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COMMISSIONER OF WEALTH TAX (CENTRAL) versus OM PARKASH MUNJAL C/O HERO CYCLES (P)

High Court of Punjab and Haryana, Chandigarh

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Commissioner of Wealth Tax (Central) v. Om Parkash Munjal C/o Hero Cycles (P) - WTC-1-1995 [2006] RD-P&H 10050 (7 November 2006)

IN THE HIGH COURT OF PUNJAB AND HARYANA

AT CHANDIGARH

****

W.T.C. No.1 of 1995

Date of Decision:6.11.2006

Commissioner of Wealth Tax (Central)

Ludhiana

.....Petitioner

Vs.

Om Parkash Munjal C/o Hero Cycles (P)

Limited, Ludhiana

.....Respondent

CORAM:- HON'BLE MR. JUSTICE ADARSH KUMAR GOEL
HON'BLE MR. JUSTICE RAJESH BINDAL

Present:- Mr. S.K.Garg Narwana, Advocate for the revenue.

Mr. Akshay Bhan, Advocate for the assessee.

****

ADARSH KUMAR GOEL, J.

The revenue has approached this Court by filing the present petition under Section 27(3) of the Wealth Tax Act, 1957 (for short, `the Act') seeking a direction to the Income Tax Appellate Tribunal, Chandigarh Bench, Chandigarh (for short, `the Tribunal') to refer following question of law to this Court for opinion, arising out of order passed by the Tribunal in common order passed in W.T.A. Nos.315/Chandi/88 and 317/Chandi/88 for the assessment year 1981-82:-

"Whether, on the facts and in the circumstances of the case, the Income Tax Appellate Tribunal was right in law in holding that the rates at which the assessee had sold the shares cannot be called to be lesser or inadequate and thereby deleting the addition made to the declared wealth under section 4(1)(a)(iii) of the Wealth Tax Act, even when the declared sale consideration was lower than the value of the shares as per Rule 1D of the Wealth Tax Act?"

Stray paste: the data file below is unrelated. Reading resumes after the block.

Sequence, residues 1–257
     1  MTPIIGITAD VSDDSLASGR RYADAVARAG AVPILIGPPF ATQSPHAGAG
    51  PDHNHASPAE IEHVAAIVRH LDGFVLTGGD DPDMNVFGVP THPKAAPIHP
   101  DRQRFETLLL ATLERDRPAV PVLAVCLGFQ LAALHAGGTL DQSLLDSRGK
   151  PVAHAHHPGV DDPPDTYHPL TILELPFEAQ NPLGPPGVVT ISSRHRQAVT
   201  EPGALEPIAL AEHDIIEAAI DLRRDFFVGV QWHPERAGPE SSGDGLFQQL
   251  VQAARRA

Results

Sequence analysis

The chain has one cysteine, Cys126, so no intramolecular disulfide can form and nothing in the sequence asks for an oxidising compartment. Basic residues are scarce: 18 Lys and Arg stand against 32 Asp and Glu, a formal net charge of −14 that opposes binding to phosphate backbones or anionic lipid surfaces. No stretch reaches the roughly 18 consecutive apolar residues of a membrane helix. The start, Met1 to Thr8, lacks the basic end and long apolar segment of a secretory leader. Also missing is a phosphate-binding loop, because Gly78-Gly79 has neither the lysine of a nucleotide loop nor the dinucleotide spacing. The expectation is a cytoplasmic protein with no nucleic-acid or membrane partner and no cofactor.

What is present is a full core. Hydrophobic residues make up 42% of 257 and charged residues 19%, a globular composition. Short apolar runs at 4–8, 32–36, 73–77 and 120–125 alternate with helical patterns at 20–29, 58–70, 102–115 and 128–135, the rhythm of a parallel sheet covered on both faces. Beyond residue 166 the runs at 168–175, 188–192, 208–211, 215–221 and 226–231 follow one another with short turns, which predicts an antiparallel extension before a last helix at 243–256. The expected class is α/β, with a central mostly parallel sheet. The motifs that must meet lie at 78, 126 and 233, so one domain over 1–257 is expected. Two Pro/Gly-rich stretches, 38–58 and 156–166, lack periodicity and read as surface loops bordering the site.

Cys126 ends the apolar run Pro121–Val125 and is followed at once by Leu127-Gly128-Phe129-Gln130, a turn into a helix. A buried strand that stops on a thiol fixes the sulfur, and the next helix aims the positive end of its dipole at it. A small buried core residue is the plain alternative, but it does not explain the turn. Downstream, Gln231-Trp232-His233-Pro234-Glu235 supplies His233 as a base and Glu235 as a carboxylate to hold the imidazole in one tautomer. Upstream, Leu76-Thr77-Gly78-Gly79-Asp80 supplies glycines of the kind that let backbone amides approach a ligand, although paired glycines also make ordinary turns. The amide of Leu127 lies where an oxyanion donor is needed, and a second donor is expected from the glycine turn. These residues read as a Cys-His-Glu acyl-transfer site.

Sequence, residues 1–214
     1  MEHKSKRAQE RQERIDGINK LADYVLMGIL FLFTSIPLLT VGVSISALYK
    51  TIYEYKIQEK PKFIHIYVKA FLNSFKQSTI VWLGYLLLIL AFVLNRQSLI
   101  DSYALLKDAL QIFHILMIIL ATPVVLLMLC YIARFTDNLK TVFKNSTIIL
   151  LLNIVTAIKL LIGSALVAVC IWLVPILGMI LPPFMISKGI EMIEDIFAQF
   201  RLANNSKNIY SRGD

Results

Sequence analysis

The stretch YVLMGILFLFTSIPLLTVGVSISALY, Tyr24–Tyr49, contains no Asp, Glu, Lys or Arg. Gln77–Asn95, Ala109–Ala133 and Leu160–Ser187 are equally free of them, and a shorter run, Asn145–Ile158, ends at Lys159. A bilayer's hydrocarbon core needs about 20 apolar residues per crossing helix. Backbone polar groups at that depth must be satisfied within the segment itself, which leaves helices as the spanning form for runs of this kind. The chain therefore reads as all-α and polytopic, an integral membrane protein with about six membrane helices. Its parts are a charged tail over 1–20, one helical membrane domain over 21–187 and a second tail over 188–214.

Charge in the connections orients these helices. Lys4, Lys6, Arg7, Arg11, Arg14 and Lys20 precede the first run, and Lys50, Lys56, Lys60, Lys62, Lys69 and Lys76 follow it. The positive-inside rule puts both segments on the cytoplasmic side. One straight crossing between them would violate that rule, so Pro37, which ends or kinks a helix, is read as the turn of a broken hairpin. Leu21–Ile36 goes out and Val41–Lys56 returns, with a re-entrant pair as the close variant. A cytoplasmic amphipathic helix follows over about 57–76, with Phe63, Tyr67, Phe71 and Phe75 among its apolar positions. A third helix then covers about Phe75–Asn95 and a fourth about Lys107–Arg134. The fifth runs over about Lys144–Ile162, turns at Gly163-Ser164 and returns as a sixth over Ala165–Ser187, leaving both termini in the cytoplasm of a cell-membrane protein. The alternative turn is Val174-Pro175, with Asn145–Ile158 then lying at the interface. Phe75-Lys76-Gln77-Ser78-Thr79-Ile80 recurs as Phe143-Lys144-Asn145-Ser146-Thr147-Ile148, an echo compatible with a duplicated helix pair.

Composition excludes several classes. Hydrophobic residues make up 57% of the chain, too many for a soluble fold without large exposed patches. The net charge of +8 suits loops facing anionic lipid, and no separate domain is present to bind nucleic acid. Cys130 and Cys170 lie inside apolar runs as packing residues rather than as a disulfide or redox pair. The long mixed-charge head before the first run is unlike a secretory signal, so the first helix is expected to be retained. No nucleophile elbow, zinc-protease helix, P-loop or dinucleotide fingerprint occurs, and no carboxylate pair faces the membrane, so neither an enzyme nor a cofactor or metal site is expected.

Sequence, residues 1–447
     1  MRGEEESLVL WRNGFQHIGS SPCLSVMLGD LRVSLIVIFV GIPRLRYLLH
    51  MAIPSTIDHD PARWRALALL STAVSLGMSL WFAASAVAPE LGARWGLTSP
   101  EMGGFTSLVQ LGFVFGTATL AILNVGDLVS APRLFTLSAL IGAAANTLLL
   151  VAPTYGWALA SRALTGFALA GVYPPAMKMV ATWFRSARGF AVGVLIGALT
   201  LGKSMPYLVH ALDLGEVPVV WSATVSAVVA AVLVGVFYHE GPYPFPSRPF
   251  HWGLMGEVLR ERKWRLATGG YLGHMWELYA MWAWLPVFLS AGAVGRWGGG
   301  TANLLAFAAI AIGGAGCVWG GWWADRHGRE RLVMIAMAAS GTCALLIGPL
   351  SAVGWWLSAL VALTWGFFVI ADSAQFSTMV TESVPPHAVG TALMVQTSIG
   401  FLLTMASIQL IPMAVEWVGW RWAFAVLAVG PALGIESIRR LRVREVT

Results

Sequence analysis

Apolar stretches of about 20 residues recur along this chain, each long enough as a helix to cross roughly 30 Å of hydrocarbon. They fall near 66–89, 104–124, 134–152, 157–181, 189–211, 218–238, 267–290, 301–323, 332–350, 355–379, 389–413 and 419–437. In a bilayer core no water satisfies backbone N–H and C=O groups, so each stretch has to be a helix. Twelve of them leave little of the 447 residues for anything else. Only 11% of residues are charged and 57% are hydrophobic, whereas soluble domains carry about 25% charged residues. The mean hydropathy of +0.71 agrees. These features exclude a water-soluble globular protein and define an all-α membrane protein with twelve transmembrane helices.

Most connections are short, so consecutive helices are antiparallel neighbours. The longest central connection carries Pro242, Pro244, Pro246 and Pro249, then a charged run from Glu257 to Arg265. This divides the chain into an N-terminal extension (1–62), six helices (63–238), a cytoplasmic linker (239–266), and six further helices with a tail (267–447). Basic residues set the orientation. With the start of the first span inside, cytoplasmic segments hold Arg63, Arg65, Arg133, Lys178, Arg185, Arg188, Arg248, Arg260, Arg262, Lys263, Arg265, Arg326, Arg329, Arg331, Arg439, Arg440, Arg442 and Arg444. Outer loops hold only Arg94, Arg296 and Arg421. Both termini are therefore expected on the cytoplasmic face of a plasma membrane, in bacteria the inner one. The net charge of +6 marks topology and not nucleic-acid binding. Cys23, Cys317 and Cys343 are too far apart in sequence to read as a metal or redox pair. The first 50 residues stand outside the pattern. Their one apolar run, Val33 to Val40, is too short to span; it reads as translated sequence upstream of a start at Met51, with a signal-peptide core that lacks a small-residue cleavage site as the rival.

As the complete facts of the case are on record and are not in dispute, we deem it appropriate that the question of law reproduced above is referred to this Court for opinion and accordingly, proceed to answer the same as we find that the issue being raised herein is covered by judgments of Hon'ble the Supreme Court.

Briefly, the facts of the case are that the assessee, who is an individual, filed his return of income for the assessment year 1981-82 on 28.8.1981 declaring his net wealth at Rs.4,70,000/-. It was noticed by the Assessing Officer that the assessee had transferred unquoted 950 equity shares and 10125 preference shares of M/s Hero Cycles (P) Limited at a sale consideration of Rs.175/- and Rs.30/- per share respectively to M/s Om Parkash Sudarshan Kumari Family Trust. As the value of the equity shares and preference shares referred to above, if worked out, as per Rule 1-D of the Wealth Tax Rules, 1957 (for short, `the Rules') would be higher than the consideration at which the shares were transferred, the Assessing Officer valued the equity shares at Rs.238/- and Rs.37.50 per share for equity and preference shares respectively. On this basis, an addition of Rs. 6,05,562/- was made in the net wealth and assessment was framed accordingly vide order dated 13.3.1986. The Commissioner of Wealth Tax (Appeals), Ludhiana vide order dated 27.7.1988 partially accepted the appeal of the assessee and reduced the valuation. In further appeal before the Tribunal, the Tribunal accepted the appeal of the assessee in toto and deleted the entire addition whereas the appeal of the revenue was dismissed. The reason given by the Tribunal for accepting the appeal of the assessee was that even in gift tax and income tax proceedings the value of the shares as declared by the assessee for the purpose of deemed gift and capital gain was accepted.